Dr Anthony Herbert second from left.

The QuoCCA education team, which includes nursing, medical and allied health professionals, is led by Dr Anthony Herbert.

The team has educated more than 5000 people over the past two years, including medical staff, nursing staff, allied health staff, teachers, spiritual carers and personal care staff.

Their work has led them far and wide to communities all over Australia, with 177 education sessions occurring in major metropolitan cities, 68 in inner-regional areas, 34 in outer-regional areas, 11 in remote communities and 4 in very-remote communities.

QuoCCA was nominated for the award by Fionnagh Dougan, CEO, Children’s Health Queensland Hospital and Health Service.

“Coordinating such a large-scale educational endeavour is an admirable and extraordinary feat,” she wrote, noting that it allows children and families to be cared for in their local community. 

She said health professionals and families demonstrated significant increases in skill and knowledge in all areas targeted.

“This has been achieved despite physical, logistical and organisational challenges to regions as far as Longreach and Alice Springs, to areas where there may be limited healthcare resources or important cultural nuances around death and dying, or uncertainty or anxiety amongst local teams around caring for a child at end-of-life,” she wrote.

She said the QuoCCA team displayed inspirational collaborative teamwork internally and through their respectful and meaningful interactions with children, families and healthcare professionals in communities across Australia.

Outstanding Achievement by a Volunteer

Roger Lush was awarded the Outstanding Achievement by a Volunteer award, which recognises the exceptional contribution of a volunteer in improving the experience of a patients with palliative care needs or their families.

Mr Lush volunteers for Southern Adelaide Palliative Services in Daw Park.

Roger Lush.

As recipient of the award Mr Lush has shown that he selflessly and generously volunteers his time and skills to look after others, without asking for recognition or expecting anything in return.

He was nominated for the award by Manager for Volunteer Services Anne Friedman.  Ms Friedman nominated Mr Lush because of his commitment to palliative care and Southern Adelaide Palliative Services, contributing more than 2,900 hours to the organisation since 2008.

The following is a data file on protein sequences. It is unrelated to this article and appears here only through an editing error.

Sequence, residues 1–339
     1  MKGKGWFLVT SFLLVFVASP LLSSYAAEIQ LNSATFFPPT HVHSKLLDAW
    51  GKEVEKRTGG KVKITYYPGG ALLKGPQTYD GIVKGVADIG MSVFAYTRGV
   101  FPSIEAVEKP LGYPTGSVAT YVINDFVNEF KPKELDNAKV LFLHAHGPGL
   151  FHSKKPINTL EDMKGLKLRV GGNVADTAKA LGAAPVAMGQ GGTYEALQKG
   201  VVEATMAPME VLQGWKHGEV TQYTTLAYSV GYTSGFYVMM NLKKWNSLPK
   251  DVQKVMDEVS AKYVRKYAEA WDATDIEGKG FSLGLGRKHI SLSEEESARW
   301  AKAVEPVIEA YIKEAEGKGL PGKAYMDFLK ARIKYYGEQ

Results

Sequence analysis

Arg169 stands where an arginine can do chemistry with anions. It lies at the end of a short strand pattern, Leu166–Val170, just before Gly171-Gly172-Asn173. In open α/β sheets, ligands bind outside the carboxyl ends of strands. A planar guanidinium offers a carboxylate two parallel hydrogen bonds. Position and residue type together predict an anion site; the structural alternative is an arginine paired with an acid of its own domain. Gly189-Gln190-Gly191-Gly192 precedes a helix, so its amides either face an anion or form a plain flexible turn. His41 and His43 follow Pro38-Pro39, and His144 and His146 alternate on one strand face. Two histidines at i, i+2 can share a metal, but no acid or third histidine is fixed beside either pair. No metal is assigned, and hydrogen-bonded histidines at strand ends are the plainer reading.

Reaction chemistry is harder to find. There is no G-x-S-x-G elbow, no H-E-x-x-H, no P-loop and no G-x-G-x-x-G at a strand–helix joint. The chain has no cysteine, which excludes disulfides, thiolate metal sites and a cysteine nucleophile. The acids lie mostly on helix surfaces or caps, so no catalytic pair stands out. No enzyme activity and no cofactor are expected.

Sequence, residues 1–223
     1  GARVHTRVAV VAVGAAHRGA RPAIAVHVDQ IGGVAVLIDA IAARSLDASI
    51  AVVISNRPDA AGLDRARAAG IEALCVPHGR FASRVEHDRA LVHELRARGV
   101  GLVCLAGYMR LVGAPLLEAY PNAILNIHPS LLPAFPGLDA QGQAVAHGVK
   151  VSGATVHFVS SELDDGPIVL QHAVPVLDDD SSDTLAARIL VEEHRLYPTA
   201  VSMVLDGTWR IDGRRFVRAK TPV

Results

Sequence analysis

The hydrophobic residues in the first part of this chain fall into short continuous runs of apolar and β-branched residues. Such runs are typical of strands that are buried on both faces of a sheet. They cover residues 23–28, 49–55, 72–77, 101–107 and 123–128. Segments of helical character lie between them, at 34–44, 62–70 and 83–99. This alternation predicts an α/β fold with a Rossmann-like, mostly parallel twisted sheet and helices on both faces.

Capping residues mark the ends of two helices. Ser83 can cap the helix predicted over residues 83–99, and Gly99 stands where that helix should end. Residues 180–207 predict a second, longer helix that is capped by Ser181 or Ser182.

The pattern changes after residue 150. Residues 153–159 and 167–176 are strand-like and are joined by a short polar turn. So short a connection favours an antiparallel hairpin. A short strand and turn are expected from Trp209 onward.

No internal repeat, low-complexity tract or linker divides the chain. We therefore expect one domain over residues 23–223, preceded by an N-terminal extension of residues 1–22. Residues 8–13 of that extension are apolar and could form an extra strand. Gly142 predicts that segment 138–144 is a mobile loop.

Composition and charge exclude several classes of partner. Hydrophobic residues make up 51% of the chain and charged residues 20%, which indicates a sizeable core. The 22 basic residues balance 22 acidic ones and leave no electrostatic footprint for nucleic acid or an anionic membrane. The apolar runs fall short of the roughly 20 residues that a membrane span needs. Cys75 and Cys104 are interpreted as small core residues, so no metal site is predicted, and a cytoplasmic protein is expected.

Mr Lush has proven himself to be an advocate for palliative care and volunteering in palliative care with his presentations about the palliative care culture has attracted more volunteers in the area.

As well as supporting people with life-limiting illnesses and providing council to their families, Mr Lush is also a mentor for new volunteers in palliative care and an ambassador for volunteers across all sectors.

Excellence in Palliative Care in an Aged Care Setting

Peter Jenkin was awarded the national award for Excellence in Palliative Care in an Aged Care Setting.

As recipient of the award Mr Jenkin has shown excellence as a palliative care leader in an aged care setting, a champion for others in the palliative care sector and a motivational communicator.

Peter Jenkin.

Mr Jenkin is a Palliative Care Nurse Practitioner in Aged Care at Resthaven Incorporated in Adelaide.

He was nominated for the award by Executive Manager of Residential Services at Resthaven Incorporated Tina Cooper.

Ms Cooper nominated Mr Jenkin because he demonstrated in applying best practice palliative care, enabling her organisation to proudly state it is a leader in palliative care in the aged care setting. 

Mr Jenkin has proven himself to be a valuable member of the Resthaven team and especially helpful when consulting families about death, dying and grief.

Mr Jenkin has also proven himself to be committed to ensuring people in an aged care setting can access the palliative care services they need.